Space4Culture: Satellite services for historical and creative cities

The European Year of Cultural Heritage 2018

With 72% of the European population living in urban areas, safeguarding urban landscapes and quality of life in historical cities is becoming a challenging task.

Indeed, historical urban landscapes are threatened by traffic, tourists, new buildings and climate change, among others. Regional and local authorities are currently seeking for innovative solutions to improve the delivery of public services in historical cities, while safeguarding and promoting their cultural assets. Not only are they looking for ways to protect and restore heritage within and around cities, but also for strategies to capitalise on tangible and intangible heritage to support the tourist, creative and cultural sectors.

The importance of promoting sustainable cities has been widely recognised and placed on the European and global development agendas.

The Urban Agenda for Europe aims at ensuring maximum utilisation of the growth potential of cities and to successfully tackle social challenges, while the United Nations Sustainable Development Goal 11 aims at making cities “inclusive, safe, resilient and sustainable” by 2030. The targets of the Goal include ensuring access to public services, enhancing resilience to climate change and natural disasters and strengthening efforts to protect and safeguard the cultural and natural heritage.

Europe’s cultural and creative sectors represent around 4.5% of European gross domestic product and 3.8% of the EU workforce (8.5 million people).

These sectors have proven more resilient than others to economic downturn, fostering innovation and positively impacting other sectors [1]. Nevertheless, despite their potential, the cultural and creative sectors remain underexploited and at risk, both from an environmental and human perspective.

The European Commission's approach to culture and media aims at granting access to culture and media contents anywhere in Europe by promoting open-data, open government and re-use of public sector information, and by digitalising Europe’s cultural heritage [2]. It also wants to ensure that the creative and cultural industries profit from innovations in other sectors.

The European Commission together with the Council and the European Parliament, agreed on establishing a European Year of Cultural Heritage in 2018 (EYCH2018).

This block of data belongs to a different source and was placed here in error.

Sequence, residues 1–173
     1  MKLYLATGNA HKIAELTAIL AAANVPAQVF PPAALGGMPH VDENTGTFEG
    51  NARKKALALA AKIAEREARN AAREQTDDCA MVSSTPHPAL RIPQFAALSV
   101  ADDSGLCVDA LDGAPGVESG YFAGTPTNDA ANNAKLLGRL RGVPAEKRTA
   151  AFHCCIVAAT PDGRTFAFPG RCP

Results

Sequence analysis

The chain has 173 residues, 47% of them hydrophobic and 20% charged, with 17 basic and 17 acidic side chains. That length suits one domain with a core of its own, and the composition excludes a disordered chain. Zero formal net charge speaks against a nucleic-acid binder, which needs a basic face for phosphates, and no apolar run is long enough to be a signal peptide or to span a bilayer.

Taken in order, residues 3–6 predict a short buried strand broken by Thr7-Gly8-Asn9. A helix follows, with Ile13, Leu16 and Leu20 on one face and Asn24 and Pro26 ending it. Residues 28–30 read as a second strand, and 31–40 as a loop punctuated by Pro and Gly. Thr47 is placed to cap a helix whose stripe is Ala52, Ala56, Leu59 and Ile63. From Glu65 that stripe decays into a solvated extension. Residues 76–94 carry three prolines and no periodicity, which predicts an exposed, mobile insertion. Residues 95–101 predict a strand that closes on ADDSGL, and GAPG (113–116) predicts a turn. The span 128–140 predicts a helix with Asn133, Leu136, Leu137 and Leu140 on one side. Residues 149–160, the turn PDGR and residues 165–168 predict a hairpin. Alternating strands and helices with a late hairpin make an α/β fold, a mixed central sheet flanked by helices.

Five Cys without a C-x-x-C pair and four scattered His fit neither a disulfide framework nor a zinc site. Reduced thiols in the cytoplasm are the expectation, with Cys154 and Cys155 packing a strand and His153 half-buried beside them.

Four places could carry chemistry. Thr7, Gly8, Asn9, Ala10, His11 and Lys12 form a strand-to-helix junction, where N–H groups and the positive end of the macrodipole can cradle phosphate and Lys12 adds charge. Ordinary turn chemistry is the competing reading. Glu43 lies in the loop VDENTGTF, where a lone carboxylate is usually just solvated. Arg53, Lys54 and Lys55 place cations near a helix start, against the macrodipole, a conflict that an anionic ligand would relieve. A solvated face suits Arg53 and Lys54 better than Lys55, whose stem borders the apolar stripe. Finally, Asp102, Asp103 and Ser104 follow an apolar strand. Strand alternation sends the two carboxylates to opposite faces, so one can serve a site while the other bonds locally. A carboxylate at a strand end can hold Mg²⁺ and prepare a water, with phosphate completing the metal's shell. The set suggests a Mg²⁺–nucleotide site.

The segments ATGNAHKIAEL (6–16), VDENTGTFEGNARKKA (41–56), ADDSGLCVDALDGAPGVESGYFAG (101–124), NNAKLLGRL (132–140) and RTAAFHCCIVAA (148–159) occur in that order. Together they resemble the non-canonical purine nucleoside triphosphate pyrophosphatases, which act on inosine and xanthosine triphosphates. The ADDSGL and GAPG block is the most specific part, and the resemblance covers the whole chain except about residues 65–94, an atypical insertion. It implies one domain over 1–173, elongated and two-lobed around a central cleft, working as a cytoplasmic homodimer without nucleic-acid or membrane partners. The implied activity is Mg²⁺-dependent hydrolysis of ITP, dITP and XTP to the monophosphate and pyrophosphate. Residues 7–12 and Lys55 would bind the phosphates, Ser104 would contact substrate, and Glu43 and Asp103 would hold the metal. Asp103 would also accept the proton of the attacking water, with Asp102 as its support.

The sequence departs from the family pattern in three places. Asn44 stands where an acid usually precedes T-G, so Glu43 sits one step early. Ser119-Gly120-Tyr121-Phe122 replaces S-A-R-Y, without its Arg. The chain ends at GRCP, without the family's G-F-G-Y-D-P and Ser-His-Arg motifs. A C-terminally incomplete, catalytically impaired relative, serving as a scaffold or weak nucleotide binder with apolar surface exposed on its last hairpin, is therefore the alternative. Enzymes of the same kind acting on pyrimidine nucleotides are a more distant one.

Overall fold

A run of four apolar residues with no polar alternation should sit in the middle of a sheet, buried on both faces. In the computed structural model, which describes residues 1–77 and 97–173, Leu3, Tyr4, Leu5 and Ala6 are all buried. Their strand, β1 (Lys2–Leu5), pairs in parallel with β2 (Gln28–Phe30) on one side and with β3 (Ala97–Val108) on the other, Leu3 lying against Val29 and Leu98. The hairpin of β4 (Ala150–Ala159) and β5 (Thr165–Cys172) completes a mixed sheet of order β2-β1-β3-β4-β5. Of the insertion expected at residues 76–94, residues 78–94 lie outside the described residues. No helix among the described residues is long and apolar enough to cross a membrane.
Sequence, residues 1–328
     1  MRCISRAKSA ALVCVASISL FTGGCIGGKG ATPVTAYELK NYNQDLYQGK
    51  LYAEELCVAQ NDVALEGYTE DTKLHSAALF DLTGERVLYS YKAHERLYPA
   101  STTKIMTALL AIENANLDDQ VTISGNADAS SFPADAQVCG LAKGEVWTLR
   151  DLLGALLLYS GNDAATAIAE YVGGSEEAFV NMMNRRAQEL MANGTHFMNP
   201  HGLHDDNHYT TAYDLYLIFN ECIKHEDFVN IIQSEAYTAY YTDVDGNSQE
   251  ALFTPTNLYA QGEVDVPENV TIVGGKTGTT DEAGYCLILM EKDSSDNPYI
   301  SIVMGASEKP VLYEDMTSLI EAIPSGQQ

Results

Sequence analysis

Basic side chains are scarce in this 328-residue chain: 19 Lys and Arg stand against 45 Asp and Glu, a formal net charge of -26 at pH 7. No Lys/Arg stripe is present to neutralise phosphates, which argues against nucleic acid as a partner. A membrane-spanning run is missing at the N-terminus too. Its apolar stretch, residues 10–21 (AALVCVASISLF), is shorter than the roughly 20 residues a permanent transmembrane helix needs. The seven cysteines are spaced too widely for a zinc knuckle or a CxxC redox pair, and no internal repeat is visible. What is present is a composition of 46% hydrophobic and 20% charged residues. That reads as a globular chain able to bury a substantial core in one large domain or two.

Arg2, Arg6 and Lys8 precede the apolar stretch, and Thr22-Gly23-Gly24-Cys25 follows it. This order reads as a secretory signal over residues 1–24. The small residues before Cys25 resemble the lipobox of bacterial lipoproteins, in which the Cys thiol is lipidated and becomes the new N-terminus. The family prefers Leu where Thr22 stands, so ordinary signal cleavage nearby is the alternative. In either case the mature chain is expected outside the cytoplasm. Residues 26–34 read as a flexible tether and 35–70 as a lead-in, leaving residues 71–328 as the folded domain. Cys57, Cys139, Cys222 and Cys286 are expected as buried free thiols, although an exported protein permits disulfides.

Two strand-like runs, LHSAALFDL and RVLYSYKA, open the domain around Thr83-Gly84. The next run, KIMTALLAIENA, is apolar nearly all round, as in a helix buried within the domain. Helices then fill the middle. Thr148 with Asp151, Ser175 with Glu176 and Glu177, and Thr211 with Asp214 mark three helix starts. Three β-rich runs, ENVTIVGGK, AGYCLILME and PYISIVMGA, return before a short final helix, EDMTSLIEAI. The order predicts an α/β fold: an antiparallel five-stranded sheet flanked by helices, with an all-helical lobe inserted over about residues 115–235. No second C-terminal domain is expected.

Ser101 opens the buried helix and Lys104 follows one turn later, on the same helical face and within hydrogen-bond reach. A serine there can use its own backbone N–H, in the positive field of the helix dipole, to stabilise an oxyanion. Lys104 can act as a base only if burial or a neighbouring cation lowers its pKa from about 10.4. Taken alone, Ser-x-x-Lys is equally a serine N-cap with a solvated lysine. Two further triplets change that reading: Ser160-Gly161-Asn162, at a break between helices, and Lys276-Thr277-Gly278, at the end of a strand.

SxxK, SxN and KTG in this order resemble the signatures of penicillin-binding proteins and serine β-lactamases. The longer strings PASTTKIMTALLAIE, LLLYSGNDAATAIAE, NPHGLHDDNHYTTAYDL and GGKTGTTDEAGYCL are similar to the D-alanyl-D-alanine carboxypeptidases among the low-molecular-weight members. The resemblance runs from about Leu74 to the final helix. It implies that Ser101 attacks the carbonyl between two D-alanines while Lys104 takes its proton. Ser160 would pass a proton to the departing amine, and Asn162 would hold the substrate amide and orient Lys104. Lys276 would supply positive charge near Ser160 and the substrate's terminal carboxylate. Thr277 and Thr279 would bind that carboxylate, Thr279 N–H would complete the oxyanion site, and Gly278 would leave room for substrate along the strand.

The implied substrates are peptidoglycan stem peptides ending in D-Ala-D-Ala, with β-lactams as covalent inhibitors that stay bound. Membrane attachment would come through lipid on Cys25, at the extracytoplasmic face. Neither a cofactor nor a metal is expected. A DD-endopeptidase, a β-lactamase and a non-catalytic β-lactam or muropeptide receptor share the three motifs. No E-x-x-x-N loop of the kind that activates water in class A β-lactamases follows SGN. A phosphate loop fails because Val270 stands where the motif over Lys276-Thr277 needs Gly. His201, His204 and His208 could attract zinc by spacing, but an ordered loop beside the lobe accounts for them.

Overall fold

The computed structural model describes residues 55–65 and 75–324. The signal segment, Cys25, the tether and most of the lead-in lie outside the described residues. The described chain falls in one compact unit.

This celebration will draw attention to the opportunities offered by our cultural heritage, but also to the challenges it faces. It will highlight what the EU is doing for conservation, digitisation, infrastructure, as well as research and skills development. Moreover, discussions on how new technologies and digital services can support the safeguard and promotion of our heritage in all its forms – tangible, intangible, natural, and digital – will be promoted.

In line with their mission, EURISY, the Basilicata region, NEREUS, the TeRN Consortium and the Italian Space Agency (ASI) will contribute to the EYCH2018 by showcasing how operational satellite services can support the management of historical cities and the enhancement of the cultural and creative sectors, with an event having a specific focus on services in historical cities, cultural heritage and creativity. 

The potential of satellite services to foster culture and creativity

With the EU space flagship programmes EGNOS, Galileo and Copernicus entering the stage of operability, satellite applications represent reliable and efficient tools that can be used to better manage historical cities and to both preserve and promote tangible and intangible cultural heritage. Moreover, satellite-based services can allow for the development of new cultural services and artistic experiences and provide new forms of social engagement and exchange.

Indeed, satellite applications are already operationally used by local administrations, private companies and NGOs to enhance public services in historical cities, safeguard and promote cultural heritage, and to develop new creative and artistic experiences. 

Satellite imagery is routinely employed to assess the status and potential damages to cultural heritage sites, to monitor soil deformation and buildings’ structural integrity, to ensure that public works do not endanger archaeological sites, to prevent, monitor and contrast the effects of climate change and geo-hazards on cultural sites, and even to spot buried archaeological remains from the sky. Earth Observation, combined with satellite navigation, also offers the data needed to develop augmented reality models and historical maps. Satellite navigation allows instead for the creation of geo-located thematic itineraries, serious games and much more.

However, public and private institutions involved in the management of historical cities or operating in the cultural and creative sectors are not always aware of the features and potentialities of satellite applications, nor of the available datasets.

It is hence important to stimulate dialogue and knowledge exchange among the professionals who are already using satellite applications and those who are interested in them. With the systems of European satellites finally in place, a new generation of satellite-based services is to be created. Discussions are already carried out between the European Commission and cultural stakeholders on the potential uses of Copernicus’ services and products to better manage historical cities and to safeguard cultural heritage [3].